SCOTUS Affirms Auer Deference in Kisor v Wilkie
In Kisor v. Wilke, 588 U. S. ____ (2019), the U.S. Supreme Court narrowly affirmed the doctrine of Auer deference. However, the Court made it clear that the doctrine’s application has its limits.
Doctrine of Auer Deference
InAuer v Robbins, 519 U.S. 452 (1997), the U.S. Supreme Court establishedthe standard that courts should apply when reviewing an executive agency’s interpretation of the regulations it established under federal legislation. In a unanimous decision, the Court held that courts must defer to an agency’s “reasonable interpretation” of its own ambiguous regulations.
Before the doctrine was called Auer deference, it was called Seminole Rock deference in reference to Seminole Rock& Sand Co., 325 U.S. 410 (1945). In that case, the Court declared that when “the meaning of [a regulation] is in doubt,” the agency’s interpretation “becomes of controlling weight unless it is plainly erroneous or inconsistent with the regulation.”
The rationale behind the doctrine is that Congress would generally want the agency who drafted the regulation to play the primary role in resolving its ambiguities. As the Court explained in Martin v. Occupational Safety and Health Review Comm’n, 499 U. S. 144 (1991), the Court has adopted the presumption that “the power authoritatively to interpret its own regulations is a component of the agency’s delegated law-making powers.”
Facts of Kisor v Wilkie
Petitioner James Kisor, a Vietnam War veteran, first sought disability benefits from the Department of Veterans Affairs (VA) in 1982, alleging that he had developed post-traumatic stress disorder from his military service. The agency denied his initial request, but in 2006, Kisor moved to reopen his claim. The VA this time agreed he was eligible for benefits, but it granted those benefits only from the date of his motion to reopen, not (as Kisor had requested) from the date of his first application.
The Board of Veterans’ Appeals—a part of the VA—affirmed that retroactivity decision, based on its interpretation of an agency rule governing such claims. The Court of Appeals for Veterans Claims affirmed. The Federal Circuit also affirmed, but it did so by applying Auer deference. The Court of Appeals concluded that the VA regulation at issue was ambiguous, and it, therefore, deferred to the Board’s interpretation of the rule. In his appeal, Kisor asked the Supreme Court to overrule Auer, as well as its predecessor Seminole Rock, discarding the deference those decisions give to agencies.
Majority Decision in Kisor v Wilkie
The Court held that Auer and Seminole Rock are not overruled. “None of his arguments provide good reason to doubt Auer deference,” Justice Elena Kagan wrote. “And even if that were not so, Kisor does not offer the kind of special justification needed to overrule Auer, and Seminole Rock, and all our many other decisions deferring to reasonable agency constructions of ambiguous rules.”
While the Court upheld the Auer doctrine, it took great pains to emphasize its limits. Justice Kagan wrote:
[W]e agree with Kisor that administrative law doctrines must take account of the far-reaching influence of agencies and the opportunities such power carries for abuse. That is one reason we have taken care today to reinforce the limits of Auer deference, and to emphasize the critical role courts retain in interpreting rules. But it is no answer to the growth of agencies for courts to take over their expertise-based, policymaking functions.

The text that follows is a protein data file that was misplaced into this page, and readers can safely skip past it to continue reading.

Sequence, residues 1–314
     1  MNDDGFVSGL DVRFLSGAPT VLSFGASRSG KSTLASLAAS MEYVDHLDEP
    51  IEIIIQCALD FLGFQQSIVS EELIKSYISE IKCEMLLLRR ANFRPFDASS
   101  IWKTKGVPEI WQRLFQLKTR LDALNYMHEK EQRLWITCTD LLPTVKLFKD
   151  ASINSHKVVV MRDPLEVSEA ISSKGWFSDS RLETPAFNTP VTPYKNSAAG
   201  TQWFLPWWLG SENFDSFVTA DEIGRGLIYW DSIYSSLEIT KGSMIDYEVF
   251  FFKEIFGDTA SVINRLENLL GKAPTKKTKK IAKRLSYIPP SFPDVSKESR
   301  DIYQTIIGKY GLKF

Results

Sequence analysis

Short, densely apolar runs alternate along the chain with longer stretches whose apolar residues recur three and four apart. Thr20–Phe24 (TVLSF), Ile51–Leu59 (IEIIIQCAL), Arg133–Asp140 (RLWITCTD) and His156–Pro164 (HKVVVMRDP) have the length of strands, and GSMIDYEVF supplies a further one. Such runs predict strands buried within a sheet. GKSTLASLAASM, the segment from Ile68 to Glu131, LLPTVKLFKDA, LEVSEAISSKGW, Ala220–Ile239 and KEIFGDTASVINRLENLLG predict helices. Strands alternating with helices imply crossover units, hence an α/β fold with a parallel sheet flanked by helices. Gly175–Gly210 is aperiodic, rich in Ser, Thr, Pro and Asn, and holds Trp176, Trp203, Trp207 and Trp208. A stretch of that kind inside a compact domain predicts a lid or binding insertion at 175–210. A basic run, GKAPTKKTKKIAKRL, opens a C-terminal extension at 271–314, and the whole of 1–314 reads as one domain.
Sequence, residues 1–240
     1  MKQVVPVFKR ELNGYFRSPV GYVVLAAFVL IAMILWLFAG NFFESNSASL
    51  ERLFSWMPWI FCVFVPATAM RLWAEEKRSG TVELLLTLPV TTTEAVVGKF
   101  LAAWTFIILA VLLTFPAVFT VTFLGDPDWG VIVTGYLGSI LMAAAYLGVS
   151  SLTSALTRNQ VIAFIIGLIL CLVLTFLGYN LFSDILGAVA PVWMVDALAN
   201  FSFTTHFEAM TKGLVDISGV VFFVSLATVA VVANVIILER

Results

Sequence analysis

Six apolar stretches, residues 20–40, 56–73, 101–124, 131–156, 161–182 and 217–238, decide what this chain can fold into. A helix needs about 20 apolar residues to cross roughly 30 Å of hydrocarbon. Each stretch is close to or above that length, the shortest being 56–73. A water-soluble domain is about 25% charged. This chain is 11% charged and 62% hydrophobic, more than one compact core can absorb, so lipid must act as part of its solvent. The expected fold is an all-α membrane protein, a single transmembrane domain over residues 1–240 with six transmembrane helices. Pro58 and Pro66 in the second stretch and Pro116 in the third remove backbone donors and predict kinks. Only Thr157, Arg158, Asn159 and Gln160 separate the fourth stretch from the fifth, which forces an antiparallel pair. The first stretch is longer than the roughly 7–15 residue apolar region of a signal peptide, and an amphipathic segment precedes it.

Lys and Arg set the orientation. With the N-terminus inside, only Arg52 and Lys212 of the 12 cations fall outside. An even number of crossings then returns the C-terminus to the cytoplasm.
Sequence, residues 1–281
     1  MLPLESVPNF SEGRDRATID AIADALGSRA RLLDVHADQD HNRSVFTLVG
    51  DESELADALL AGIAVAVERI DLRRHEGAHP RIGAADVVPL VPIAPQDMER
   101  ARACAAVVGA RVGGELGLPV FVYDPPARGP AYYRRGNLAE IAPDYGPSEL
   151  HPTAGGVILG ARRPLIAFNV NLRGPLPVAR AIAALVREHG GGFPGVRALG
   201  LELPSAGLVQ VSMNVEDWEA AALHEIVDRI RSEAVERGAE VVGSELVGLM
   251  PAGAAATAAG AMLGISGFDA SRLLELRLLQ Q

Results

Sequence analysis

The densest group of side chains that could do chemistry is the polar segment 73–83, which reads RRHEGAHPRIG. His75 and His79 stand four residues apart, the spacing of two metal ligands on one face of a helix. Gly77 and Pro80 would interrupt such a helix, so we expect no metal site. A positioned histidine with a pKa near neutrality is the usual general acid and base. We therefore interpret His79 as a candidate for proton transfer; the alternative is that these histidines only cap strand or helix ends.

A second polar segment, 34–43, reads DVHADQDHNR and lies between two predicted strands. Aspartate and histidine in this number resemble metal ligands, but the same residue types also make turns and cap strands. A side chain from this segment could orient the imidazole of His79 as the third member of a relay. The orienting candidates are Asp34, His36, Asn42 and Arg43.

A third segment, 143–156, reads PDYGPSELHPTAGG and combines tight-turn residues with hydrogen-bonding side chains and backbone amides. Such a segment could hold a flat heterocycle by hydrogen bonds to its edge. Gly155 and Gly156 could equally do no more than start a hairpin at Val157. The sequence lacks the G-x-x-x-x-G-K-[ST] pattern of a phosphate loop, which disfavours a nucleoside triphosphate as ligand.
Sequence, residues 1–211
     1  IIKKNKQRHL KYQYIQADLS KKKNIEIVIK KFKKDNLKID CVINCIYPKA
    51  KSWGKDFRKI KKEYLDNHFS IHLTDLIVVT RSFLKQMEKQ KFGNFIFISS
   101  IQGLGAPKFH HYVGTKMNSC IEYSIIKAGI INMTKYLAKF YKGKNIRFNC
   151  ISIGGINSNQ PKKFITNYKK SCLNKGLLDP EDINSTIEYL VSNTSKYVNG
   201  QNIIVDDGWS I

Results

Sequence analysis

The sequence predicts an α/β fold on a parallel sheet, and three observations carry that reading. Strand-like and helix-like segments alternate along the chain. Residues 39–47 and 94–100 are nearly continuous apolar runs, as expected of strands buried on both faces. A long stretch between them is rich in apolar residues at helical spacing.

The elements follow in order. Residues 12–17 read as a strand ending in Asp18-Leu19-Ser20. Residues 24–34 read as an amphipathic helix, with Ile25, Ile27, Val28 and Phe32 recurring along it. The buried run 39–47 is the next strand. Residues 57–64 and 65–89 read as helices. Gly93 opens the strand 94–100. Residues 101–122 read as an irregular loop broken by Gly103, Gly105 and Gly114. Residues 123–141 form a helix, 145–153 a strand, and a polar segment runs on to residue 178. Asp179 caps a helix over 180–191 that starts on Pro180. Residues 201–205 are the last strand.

First, the Court highlighted that the possibility of deference can arise only if a regulation is genuinely ambiguous. “If uncertainty does not exist, there is no plausible reason for deference. The regulation then just means what it means—and the court must give it effect, as the court would any law,” Justice Kagan wrote. “Otherwise said, the core theory of Auer deference is that sometimes the law runs out, and policy-laden choice is what is left over. But if the law gives an answer—if there is only one reasonable construction of a regulation—then a court has no business deferring to any other reading, no matter how much the agency insists it would make more sense.”
Next, the Court emphasized that not every reasonable agency reading of a genuinely ambiguous rule should receive Auer deference. Rather, in applying Auer, a court must make an independent inquiry into whether the character and context of the agency interpretation entitles it to controlling weight.
“To begin with, the regulatory interpretation must be one actually made by the agency. In other words, it must be the agency’s ‘authoritative’ or ‘official position,’ rather than any more ad hoc statement not reflecting the agency’s views,” Justice Kagan explained. She added that the agency’s interpretation must in some way implicate its substantive expertise, noting that “[w]hen the agency has no comparative expertise in resolving a regulatory ambiguity, Congress presumably would not grant it that authority.”
Finally, an agency’s reading of a rule must reflect “fair and considered judgment” to receive Auer deference. As Justice Kagan explained, this means that a court should decline to defer to a merely “convenient litigating position” or “post hoc rationalizatio[n] advanced” to “defend past agency action against attack.”
With regard to Kisor’s claim for benefits, the Court remanded the case. Applying the principles articulated in its decision, the Court concluded that the Federal Circuit jumped the gun in declaring the regulation ambiguous and also assumed too fast that Auer deference should apply in the event of genuine ambiguity.
Writing separately, Chief Justice John Roberts noted that in the wake ofKisor, “the cases in whichAuerdeference is warranted largely overlap with the cases in which it would be unreasonable for a court not to be persuaded by an agency’s interpretation of its own regulation.”
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